MIAMI -A 26-year-old woman and a 29-year-old man are facing criminal charges over the disposal of balloons into Biscayne Bay after these were used to decorate a yacht during a marriage proposal.
A witness shared a video on Instagram and environmentalists were outraged. Marine animals often mistake the nonbiodegradable deflated balloons for jellyfish. Turtles eat it. Seabirds feed it to their young.
Miami-Dade police officers also issued civil citations with more than $ 23,000 in fines for the illegal dumping at the Bayshore Landing Marina in Coconut Grove. This has been a more painful learning experience for Martina Gaspoz and David Torres-Bocanegra who were both working.
Officers arrested Gaspoz on Friday and Torres-Bocanegra on Wednesday. They are facing charges of willful disregard for the environment, a third-degree felony punishable with a fine of up to $ 50,000 or imprisonment for 5 years, or both. Her bond was $ 5,000.
Officers arrested Torres-Bocanegra for reckless disregard for the environment, a second-degree misdemeanor punishable with a fine of up to $ 10,000 or 60 days in jail, or both. His bond was $ 500. Detective Angel Rodriguez later clarified there was a mistake with the charge.
Detectives did not consider the couple who got engaged on Tuesday to be the culprits. Instead, officers issued citations to the two companies – the event planner and the yacht charter – that the future groom hired.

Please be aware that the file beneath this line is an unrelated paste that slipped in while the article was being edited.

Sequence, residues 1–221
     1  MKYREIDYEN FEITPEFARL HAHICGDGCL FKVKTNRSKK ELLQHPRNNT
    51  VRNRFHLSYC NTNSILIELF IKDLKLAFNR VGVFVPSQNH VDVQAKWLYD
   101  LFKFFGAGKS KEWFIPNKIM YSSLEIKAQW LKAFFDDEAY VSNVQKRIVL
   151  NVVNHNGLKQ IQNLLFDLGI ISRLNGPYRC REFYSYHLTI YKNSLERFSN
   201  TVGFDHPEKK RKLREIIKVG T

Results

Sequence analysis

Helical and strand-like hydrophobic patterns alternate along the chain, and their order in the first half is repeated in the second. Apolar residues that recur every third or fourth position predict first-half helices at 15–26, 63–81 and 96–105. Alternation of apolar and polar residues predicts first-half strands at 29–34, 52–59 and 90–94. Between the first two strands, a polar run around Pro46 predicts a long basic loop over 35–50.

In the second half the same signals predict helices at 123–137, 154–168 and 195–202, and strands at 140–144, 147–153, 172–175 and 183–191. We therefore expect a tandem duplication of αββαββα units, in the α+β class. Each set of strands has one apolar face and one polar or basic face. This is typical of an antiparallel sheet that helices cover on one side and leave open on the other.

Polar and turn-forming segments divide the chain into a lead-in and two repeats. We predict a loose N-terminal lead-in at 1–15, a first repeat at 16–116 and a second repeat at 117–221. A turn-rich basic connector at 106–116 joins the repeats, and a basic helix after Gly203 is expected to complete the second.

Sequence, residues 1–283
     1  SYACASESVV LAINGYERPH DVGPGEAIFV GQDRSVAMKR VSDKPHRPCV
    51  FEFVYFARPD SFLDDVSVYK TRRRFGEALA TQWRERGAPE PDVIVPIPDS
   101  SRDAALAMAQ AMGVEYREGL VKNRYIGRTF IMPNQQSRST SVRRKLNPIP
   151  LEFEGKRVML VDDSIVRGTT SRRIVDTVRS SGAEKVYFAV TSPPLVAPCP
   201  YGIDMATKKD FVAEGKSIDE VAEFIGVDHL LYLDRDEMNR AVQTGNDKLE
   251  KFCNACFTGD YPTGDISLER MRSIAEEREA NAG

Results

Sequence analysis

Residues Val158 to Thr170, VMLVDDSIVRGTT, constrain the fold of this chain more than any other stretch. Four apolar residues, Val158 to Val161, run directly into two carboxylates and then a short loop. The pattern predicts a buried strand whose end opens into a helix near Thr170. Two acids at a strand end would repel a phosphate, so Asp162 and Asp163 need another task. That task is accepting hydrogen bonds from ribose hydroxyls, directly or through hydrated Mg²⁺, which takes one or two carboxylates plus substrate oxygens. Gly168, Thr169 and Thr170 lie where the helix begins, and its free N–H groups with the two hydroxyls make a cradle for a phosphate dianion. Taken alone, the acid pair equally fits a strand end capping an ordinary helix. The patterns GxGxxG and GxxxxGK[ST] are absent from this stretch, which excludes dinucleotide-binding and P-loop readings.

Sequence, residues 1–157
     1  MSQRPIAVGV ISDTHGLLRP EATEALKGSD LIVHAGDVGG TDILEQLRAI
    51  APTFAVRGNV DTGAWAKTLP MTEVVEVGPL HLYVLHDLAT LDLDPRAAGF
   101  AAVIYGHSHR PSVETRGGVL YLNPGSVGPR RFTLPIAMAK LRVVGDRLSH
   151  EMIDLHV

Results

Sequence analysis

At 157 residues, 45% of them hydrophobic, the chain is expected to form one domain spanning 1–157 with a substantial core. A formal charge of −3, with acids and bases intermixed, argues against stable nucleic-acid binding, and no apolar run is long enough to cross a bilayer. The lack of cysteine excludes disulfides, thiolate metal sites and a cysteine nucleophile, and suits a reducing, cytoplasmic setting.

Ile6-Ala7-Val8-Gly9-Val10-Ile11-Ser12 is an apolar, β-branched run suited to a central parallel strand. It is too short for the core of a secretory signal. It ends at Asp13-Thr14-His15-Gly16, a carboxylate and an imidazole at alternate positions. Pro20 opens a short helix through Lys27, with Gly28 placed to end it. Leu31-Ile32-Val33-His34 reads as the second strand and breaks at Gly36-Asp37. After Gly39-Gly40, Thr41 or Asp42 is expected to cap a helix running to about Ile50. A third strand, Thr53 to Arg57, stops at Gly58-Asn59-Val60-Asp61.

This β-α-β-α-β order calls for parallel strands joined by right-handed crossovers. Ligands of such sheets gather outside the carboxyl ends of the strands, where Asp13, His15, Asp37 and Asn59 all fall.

Also, not everyone who received a $ 2,510 citation actually touched the balloons or was present for the celebration.
Dessideria D’Caro De Capriles, of Doral, is the owner of the charter yacht. Gabriela Castillo was the event coordinator. Francisco Feo was the person in charge of the charter company. Officers also cited Tulio Capriles, Iulia Tyshchenko, Viacheslav Diadiura, and Efrain Hernandez.
Environmental advocates want Miami-Dade officials to do more.
The Florida Ocean CleanUp Society, a nonprofit organization, set up a Change.org petition asking Miami-Dade’s Mayor Daniella Levine Cava, the chief bay officer, and commissioners to pilot a new ordinance banning balloons and confetti in coastal waters.
“Banning balloons and confetti isn’t going to solve the pollution problem. However, we believe it’s important and necessary to spark a cultural shift, ”the petitioner wrote adding,“ We beg the Miami-Dade county to pass legislation to protect our ecosystem and increase environmental awareness among boaters and the charter industry. ”
For more stories about protecting Biscayne Bay, visit the Don’t Trash Our Treasure page. Local 10 News Environmental Advocate Louis Aguirre leads the team.
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